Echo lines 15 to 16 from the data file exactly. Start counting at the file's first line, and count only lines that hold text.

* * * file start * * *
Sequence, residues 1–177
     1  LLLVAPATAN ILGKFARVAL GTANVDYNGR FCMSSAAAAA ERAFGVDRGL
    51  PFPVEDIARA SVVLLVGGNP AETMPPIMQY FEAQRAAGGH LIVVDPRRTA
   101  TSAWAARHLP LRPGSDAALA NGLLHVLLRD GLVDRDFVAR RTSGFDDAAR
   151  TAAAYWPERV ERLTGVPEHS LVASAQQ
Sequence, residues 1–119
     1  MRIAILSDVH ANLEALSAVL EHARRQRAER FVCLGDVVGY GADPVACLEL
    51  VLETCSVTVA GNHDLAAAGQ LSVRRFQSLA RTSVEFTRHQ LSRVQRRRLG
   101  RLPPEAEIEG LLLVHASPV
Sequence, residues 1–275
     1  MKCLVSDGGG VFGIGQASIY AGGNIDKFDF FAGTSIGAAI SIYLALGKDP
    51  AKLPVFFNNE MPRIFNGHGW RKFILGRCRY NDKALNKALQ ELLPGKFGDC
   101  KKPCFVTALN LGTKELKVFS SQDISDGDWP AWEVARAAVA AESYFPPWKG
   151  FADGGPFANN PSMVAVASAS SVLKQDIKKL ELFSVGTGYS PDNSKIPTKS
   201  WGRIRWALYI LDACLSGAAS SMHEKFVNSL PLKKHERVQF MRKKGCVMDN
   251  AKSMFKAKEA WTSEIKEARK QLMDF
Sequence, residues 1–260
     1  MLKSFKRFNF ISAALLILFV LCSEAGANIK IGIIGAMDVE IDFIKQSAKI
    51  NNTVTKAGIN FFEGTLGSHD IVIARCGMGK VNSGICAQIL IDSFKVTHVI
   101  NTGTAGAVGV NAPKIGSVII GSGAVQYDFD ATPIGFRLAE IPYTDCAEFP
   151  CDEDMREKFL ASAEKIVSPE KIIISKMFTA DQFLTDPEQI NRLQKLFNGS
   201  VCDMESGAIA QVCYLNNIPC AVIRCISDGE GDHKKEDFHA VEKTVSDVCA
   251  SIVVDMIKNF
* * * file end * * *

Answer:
   201  WGRIRWALYI LDACLSGAAS SMHEKFVNSL PLKKHERVQF MRKKGCVMDN
   251  AKSMFKAKEA WTSEIKEARK QLMDF